By Cheyenne Galloway
SAN FRANCISCO, CA – ACLU NorCal is shedding light on “systemic injustices” conducted by the California Department of Corrections and Rehabilitation (CDCR) towards immigrants, refugees, and other foreigners based on information garnered by a Public Records Act investigation released this week by civil rights groups.
According to the investigation cited by ACLU NorCal, the report “Profile, Tag, Deport: CDCR Betrays California’s Values” analyzed over 2,500 unseen emails and records of the CDCR spanning from August to September 2022.
The documents reveal how California’s most prominent state agency regularly targets thousands of once-incarcerated Californians, green card holders, and even U.S. citizens in their deportation program.
ACLU NorCal and the report documented that the agency transferred more than 200 people from CDCR facilities into ICE custody in the investigation’s two-month period.
Sana Singh, an immigrants’ rights fellow at the ACLU of Northern California, said, “We are learning more and more about how our state prison system is choosing to transfer Californians who have completed their sentences to ICE detention. CDCR has, purely by its own initiative, invented a two-tiered system of incarceration that rips Californians from their home.”
Messages between CDCR and ICE disclose, advocates state, prison staff often flag people for ICE based on prejudiced assumptions gathered from people’s names, dialects, and places of origin.
According to ACLU NorCal, when marked with “a potential ICE hold” (an arbitrary distinction created by CDCR), they are denied training, rehabilitation, credit-earning opportunities, and education and often are given minimal options to challenge these injustices.
The report noted “One official at Avenal State prison even jokingly said, “Should we just put U.S. citizens on a piece of paper, fold it up and put it in a hat, and then write on another piece of paper, Mexican, fold it up and also throw that in the hat and pick one.”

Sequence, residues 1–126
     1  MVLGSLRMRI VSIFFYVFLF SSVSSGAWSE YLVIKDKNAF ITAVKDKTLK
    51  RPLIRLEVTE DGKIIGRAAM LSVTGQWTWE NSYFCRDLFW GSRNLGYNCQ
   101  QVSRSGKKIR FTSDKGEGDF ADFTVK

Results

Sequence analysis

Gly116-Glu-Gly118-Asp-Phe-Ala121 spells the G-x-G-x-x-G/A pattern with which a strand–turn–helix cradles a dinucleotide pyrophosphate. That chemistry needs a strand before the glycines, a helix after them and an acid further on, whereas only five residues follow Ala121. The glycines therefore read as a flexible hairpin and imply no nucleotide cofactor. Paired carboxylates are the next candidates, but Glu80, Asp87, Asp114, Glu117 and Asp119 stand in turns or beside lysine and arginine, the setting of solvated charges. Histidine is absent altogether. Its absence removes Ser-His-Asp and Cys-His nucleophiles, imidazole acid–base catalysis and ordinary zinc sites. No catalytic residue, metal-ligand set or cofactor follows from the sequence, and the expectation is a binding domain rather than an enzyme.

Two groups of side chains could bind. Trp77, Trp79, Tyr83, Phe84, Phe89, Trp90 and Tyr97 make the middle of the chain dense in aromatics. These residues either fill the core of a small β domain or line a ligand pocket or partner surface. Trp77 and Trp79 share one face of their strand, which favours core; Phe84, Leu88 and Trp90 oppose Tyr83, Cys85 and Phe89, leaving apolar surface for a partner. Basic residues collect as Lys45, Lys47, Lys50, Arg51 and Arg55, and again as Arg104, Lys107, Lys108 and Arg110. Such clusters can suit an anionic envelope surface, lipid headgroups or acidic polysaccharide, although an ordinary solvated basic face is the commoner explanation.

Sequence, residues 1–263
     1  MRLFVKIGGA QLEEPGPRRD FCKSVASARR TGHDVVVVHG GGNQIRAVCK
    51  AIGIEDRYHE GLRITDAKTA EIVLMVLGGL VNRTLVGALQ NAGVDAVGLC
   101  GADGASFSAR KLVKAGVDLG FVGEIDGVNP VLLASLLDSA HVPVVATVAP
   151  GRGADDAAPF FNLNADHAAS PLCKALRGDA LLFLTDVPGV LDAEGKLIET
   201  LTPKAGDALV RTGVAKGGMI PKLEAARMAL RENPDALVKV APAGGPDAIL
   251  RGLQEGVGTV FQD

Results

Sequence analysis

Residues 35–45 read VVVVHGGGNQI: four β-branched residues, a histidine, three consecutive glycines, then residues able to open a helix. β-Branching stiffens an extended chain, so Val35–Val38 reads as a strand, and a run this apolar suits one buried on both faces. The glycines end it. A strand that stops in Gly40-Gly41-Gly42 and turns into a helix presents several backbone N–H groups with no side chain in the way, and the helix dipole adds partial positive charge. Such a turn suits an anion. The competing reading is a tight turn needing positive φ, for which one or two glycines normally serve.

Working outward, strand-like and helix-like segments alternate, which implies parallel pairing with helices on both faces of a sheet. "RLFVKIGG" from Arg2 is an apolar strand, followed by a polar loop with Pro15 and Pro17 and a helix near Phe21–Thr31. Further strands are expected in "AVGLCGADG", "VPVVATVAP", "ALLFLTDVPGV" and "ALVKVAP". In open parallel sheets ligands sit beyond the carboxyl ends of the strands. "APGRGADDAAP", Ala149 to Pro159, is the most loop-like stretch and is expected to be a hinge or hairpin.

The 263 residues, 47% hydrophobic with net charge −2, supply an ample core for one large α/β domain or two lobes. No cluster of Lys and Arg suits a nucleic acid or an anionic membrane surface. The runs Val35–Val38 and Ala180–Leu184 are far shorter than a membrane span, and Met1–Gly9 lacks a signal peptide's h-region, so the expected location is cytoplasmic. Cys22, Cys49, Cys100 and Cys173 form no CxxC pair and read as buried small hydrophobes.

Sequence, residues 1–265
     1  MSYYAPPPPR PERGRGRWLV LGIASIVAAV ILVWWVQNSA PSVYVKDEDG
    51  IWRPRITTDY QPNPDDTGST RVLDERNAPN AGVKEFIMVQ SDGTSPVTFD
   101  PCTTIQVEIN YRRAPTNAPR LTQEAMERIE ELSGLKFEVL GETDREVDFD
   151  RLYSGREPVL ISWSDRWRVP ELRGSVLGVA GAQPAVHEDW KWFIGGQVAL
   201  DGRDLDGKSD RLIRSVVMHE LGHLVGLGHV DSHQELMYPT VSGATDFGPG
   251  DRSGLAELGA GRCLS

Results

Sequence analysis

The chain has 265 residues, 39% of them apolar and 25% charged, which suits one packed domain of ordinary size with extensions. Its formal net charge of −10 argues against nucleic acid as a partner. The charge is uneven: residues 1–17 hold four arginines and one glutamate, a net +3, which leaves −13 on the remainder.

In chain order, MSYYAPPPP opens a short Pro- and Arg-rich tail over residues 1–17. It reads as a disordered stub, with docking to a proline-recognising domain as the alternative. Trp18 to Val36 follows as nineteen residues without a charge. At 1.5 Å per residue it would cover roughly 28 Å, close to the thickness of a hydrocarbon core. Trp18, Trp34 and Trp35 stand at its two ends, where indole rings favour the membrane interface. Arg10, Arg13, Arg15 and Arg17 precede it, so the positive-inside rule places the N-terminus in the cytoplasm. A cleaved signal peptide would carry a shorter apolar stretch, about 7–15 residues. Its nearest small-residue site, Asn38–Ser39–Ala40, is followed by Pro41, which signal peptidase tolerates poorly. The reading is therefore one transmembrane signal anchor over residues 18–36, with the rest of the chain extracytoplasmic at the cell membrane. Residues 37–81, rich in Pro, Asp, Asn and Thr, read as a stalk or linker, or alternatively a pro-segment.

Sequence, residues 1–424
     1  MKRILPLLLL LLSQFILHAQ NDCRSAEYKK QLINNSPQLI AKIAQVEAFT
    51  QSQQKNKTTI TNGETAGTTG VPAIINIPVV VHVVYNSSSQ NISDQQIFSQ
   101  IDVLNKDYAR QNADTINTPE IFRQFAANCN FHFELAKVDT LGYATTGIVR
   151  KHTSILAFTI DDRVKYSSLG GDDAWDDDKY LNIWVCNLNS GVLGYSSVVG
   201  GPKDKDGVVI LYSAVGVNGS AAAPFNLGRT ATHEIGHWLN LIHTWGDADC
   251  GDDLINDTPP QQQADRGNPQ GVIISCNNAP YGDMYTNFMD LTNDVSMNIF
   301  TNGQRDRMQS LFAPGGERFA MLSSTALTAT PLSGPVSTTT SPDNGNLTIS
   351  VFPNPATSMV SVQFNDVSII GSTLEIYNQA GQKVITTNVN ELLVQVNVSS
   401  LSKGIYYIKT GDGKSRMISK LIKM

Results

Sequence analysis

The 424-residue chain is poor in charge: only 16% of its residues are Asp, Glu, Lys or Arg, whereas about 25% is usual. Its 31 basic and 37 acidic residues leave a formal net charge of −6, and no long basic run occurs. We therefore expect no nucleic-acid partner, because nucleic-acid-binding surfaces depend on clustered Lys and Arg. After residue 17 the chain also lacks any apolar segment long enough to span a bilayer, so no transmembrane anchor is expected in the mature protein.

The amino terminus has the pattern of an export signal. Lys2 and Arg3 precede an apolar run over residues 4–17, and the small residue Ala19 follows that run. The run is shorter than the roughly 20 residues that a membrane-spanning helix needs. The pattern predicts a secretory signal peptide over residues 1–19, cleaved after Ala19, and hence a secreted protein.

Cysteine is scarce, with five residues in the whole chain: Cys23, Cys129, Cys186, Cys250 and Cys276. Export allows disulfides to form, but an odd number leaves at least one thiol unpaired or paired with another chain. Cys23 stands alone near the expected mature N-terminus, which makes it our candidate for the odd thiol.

As reported by ACLU NorCal, the records also divulge the violations of constitutional protections by CDCR staff, noting in one case CDCR will hold people past their release date, which allows ICE to detain them. Several state prisons even have an “ICE desk” that facilitates the deportation process.
“CDCR’s deportation practices fly in the face of California’s pro-immigrant commitments,” stated Carl Takei, a criminal Justice Reform Program Manager at the Asian Law Caucus, adding, “Our state resources should be used to keep families together and communities whole.”
The report, published by ACLU of Northern California, Asian Prisoner Support Committee, Asian Americans Advancing Justice, Asian Law Caucus, and Root & Rebound, urges California to address this unjust deportation issue by passing AB 1306.
Also referred to as the Harmonizing Our Measure for Equality (HOME) Act, the legislation authored by Assemblymember Wendy Carrillo “harmonizes state immigration policy with existing criminal justice reforms.”
“The HOME Act offers an important opportunity to uphold Californians’ values of fairness and equality. With the HOME Act, immigrants who meet all of the requirements for release under broadly supported criminal justice laws will be able to return home to their families,” said Ny Nourn, Co-Director of the Asian Prisoner Support Committee.
To access the full report on the CDCR, visit: https://www.aclunc.org/sites/default/files/CDCR_report%20_FINAL_8_28_23.pdf.